- Visibility - 20 to 50m
- General information - Dives in the area range from beginner to advanced but there can be some currents here.
Best Time to Go
Wakatobi is a year-round destination, it has a drier climate than other areas of Indonesia and is protected by surrounding reefs and islands. The climate is tropical with temperatures remaining at around 32 C all year.
The best time to visit is March to December when diving is excellent.
April, May and November are the high seasons.
July and August are spawning season bring high volumes of fish life, temperatures and visibility are lower by a small amount at this time of year, and there can be slightly more wind.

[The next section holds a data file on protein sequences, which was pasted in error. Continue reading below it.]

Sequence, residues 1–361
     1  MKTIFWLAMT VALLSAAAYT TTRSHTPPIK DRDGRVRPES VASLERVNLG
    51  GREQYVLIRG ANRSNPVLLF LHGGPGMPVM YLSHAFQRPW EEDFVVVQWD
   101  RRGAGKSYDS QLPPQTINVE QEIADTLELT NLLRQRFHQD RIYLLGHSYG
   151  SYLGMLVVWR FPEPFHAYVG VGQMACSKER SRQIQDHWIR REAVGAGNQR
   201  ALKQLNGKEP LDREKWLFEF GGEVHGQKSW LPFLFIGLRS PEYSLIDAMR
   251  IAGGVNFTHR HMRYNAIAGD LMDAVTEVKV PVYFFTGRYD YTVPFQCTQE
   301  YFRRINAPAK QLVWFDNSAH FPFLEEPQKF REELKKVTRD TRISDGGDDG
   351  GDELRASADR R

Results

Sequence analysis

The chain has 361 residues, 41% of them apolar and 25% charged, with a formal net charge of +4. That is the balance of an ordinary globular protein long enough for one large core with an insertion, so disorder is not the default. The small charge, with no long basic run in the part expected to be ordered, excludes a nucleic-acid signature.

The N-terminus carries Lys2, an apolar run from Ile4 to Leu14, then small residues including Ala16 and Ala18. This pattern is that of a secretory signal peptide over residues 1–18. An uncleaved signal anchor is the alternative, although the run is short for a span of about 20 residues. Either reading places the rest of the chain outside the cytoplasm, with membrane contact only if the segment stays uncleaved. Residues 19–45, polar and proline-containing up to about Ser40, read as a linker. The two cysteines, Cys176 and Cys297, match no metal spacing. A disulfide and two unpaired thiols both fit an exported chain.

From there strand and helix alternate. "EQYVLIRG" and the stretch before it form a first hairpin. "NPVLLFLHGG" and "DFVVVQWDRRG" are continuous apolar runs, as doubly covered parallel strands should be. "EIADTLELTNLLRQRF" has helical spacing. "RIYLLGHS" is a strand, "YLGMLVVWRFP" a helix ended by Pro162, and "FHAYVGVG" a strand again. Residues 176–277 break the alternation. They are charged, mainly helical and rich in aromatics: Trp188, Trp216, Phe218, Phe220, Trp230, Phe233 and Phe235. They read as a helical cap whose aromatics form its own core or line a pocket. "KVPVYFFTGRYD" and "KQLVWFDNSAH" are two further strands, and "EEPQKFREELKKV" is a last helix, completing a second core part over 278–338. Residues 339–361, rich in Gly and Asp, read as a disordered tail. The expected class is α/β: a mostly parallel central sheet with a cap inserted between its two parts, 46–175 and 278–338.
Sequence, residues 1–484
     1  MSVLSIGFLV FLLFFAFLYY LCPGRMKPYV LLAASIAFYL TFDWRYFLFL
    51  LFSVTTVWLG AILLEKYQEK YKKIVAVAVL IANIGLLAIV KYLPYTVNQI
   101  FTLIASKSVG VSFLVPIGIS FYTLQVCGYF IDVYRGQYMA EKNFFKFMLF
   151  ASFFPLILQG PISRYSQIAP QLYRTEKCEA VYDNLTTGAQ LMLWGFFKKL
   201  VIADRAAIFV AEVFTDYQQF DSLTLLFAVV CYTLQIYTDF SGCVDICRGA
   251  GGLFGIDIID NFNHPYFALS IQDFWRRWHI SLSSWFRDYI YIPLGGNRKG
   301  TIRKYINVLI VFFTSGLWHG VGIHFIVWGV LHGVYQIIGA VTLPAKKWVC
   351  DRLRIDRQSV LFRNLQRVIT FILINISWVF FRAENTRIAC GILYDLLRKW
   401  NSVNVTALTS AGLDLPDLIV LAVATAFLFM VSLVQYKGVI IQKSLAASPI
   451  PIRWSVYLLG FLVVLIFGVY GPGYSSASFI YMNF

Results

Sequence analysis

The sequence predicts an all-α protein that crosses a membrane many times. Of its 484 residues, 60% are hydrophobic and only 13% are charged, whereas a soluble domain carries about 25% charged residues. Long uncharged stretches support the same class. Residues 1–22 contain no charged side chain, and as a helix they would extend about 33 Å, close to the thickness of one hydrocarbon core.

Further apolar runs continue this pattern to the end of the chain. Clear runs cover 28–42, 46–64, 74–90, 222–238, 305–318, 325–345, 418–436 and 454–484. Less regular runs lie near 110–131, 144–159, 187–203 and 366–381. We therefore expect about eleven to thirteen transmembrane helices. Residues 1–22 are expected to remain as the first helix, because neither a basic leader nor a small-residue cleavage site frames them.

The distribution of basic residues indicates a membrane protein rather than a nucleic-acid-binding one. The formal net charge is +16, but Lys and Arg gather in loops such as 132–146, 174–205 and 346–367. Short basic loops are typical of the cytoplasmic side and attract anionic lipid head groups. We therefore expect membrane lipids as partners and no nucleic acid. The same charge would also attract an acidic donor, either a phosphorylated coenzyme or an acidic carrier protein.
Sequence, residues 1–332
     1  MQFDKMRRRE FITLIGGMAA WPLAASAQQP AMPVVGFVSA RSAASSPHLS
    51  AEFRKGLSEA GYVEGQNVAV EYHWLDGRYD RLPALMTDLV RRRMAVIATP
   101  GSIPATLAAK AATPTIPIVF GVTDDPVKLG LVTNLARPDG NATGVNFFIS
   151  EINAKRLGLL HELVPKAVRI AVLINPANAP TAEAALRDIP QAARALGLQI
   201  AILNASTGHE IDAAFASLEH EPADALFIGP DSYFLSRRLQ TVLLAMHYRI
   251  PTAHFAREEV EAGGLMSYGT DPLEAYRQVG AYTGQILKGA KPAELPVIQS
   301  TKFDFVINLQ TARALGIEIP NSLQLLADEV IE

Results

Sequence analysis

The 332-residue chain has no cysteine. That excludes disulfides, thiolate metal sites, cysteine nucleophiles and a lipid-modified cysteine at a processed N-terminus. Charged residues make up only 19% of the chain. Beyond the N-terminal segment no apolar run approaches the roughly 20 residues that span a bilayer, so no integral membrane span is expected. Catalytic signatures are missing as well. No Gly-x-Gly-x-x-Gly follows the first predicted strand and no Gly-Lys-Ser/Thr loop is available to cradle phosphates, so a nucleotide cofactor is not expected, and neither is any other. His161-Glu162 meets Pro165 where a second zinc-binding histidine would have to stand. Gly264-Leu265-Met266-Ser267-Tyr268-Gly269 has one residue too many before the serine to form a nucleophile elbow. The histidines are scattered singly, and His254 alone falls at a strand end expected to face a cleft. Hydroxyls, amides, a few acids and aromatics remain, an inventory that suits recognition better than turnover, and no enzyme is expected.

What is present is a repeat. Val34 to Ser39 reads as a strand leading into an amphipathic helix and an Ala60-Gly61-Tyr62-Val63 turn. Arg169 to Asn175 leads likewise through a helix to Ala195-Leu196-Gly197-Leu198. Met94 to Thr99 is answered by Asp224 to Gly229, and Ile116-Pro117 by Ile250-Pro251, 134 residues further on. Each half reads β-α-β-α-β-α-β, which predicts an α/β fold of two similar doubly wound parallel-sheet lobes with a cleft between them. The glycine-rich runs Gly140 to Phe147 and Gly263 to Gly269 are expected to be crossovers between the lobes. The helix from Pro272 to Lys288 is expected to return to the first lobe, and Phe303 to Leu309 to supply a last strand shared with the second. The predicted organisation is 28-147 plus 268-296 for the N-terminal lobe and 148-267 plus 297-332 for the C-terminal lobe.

January and February have the most rain, but this is not a real wet season as Wakatobi has 25% less rainfall than the rest of Indonesia.
November to April is the best time for pilot whales to be seen.
Whale sharks and manta rays are year-round sightings.
Water temperature ranges from 25 to 30 C annually, so a 3mm shorty is suitable for most of the year, but a 5mm long may be needed for the colder months.
How to Get There
The liveaboard cruises depart from Wakatobi itself so guests would usually transit either from Bali or Java taking a local flight to reach the destination.
Some vessels have private flights that are an additional cost to your liveaboard cruise.
The local airport is on Wangi-Wangi.
Marine Park and Conservation in Wakatobi
The marine reserve of Kepulauan Wakatobi National Park, Sulawesi protects the Wakatobi area.
The area was designated as the 3rd largest marine park in Indonesia in 1996, covering 1.4 million hectares in area. In 32005 the park was listed as a possible World Heritage site, and in 2012 it became a World Network Biosphere Reserve.